Thursday, February 03, 2011

It came, it snowed, it didn't conquer...

So we ended up with 25 - 30 cm (10-12 inches) of snow yesterday, according to Environment Canada, but the wind was really blowing so it drifted all over the place. Ottawa got less snow than we did. 

When I got up this morning, the thermometer read -22C but I went out to take a few pics anyway.

  I am glad I don't have to pee outside like the dogs! Also glad the days of outhouses are past.

The birdbath is nearly buried in a drift. It's that round thing to the right of the birdfeeder.

 I've seen worse! Still, it was our first real storm of the winter. Pretty late for these parts.

 The fields next door had ripples from the drifting. Dramatic and tundra-esque.

The birds were ravenous (chickadee-enous? Does "ravenous" come from "raven"?) ! I spread some seed on my office windowsill (near the birdfeeder) and the chickadees dove right in. They have no fear. Or no sense!

Watching me watch him. (Or her!) I am feeding these cuties by hand every day now, getting them used to me. They are not deterred by my bright red coat. I love the sound of their wings fluttering around my head as they check me out in preparation for landing.

Meanwhile, Bernie ploughed our laneway twice in 24 hours. He's a farmer down the road whom we pay to clear our snow. He's extremely reliable, not to mention fastidious! I like his big blue tractor, a New Holland as I recall. I am learning to i.d. tractors by colour.

 The amazing thing is that he does this backwards. The snowblower is on the back. He backs all the way down our laneway, which is not a simple task, being, what, 200 feet long? (I really need to measure it!)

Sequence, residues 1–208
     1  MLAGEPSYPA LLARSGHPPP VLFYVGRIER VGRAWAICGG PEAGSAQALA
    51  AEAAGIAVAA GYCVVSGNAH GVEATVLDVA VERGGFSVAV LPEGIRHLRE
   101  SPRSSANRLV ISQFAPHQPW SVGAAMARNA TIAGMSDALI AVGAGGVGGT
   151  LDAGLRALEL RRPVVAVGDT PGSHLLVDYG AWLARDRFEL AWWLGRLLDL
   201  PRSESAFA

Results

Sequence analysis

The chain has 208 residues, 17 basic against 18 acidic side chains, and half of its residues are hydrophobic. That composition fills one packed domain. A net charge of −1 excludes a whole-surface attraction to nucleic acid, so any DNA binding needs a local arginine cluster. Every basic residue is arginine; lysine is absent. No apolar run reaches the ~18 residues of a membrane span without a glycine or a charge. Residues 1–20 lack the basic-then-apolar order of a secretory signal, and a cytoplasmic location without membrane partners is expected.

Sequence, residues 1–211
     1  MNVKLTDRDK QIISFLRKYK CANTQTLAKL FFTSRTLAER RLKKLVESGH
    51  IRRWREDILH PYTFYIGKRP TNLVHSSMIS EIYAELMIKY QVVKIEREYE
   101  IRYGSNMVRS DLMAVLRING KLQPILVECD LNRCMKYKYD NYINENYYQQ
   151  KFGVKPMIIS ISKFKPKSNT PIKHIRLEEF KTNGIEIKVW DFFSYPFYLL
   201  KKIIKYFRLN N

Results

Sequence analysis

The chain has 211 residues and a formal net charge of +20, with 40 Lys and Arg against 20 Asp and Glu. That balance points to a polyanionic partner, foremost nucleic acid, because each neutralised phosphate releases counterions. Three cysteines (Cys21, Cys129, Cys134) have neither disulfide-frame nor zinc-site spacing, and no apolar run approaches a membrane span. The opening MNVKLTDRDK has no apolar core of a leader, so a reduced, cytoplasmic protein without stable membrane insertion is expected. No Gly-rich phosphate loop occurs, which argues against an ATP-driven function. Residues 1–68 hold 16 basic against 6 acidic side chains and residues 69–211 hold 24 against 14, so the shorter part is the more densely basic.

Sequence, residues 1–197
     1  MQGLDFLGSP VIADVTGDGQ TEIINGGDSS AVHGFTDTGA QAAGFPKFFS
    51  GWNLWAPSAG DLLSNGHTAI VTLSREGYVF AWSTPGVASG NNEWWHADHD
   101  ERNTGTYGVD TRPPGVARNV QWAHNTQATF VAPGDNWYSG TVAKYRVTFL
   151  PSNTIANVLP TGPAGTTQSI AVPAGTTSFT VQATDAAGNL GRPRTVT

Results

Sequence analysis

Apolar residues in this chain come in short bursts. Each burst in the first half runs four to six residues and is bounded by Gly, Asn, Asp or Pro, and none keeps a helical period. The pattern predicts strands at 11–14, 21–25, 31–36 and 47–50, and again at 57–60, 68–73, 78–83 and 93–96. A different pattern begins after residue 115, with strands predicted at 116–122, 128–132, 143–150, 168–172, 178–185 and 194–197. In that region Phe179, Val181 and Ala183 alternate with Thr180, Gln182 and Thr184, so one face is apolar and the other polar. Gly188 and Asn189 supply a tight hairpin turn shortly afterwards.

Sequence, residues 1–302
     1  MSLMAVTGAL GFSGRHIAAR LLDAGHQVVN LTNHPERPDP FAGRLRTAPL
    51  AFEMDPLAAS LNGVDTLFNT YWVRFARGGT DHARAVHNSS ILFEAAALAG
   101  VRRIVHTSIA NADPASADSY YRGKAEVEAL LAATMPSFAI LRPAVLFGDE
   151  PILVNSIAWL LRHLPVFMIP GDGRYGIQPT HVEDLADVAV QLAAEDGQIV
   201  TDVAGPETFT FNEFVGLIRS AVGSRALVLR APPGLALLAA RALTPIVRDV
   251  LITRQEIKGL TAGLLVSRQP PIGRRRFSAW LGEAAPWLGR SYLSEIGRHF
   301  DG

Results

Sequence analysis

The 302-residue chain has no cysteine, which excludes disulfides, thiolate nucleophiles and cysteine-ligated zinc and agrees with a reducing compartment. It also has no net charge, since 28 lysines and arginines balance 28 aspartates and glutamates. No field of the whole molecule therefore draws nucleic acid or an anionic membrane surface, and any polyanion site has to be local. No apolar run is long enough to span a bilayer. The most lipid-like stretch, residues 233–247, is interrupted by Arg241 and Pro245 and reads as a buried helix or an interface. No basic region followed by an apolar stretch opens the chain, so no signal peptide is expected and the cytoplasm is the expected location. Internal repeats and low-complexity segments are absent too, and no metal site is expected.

Meanwhile, Alex stayed cozy inside and dreamed of a nice feathery lunch. Sorry, Alex, no can do. Have some catnip instead!

I had a great time snowshoeing with the dogs this afternoon in the sunshine and sparkly sun. More snow pics tomorrow.


  1. Ravenous comes from the French raviner from the Latin, and at its root has connotations of rapine and plunder.

    Raven, on the other hand, comes through Old(e) English from the German side of the family [good old, hræfn and can be traced back to Proto-Indo-European where it is onomatopoetic of a harsh sound.

    And there you go.

  2. I love the photo of the drifted snow in the field. It looks like someone has thrown a sheet over it and not straightened it out yet.

    How lovely to feed the chiskadees by hand.

  3. That should be chickadees.

  4. Anonymous9:19 pm

    very interesting comment about 'raven'!

    BEAUTIFUL PICTURES Knat!! I love that low winter sunlight. it creates the most beautiful light and shadows.

  5. Thank you for clearing that up, HWB. I was too lazy to look it up. :)

    Little Blue Mouse, I like "chiskadees"! :) I am feeding them every day now and they are becoming less cautious.

    Dr. Sloth! This time last year I was in Mexico, sssiiiiiiiigh...


Thank you for all your comments, which I love to read!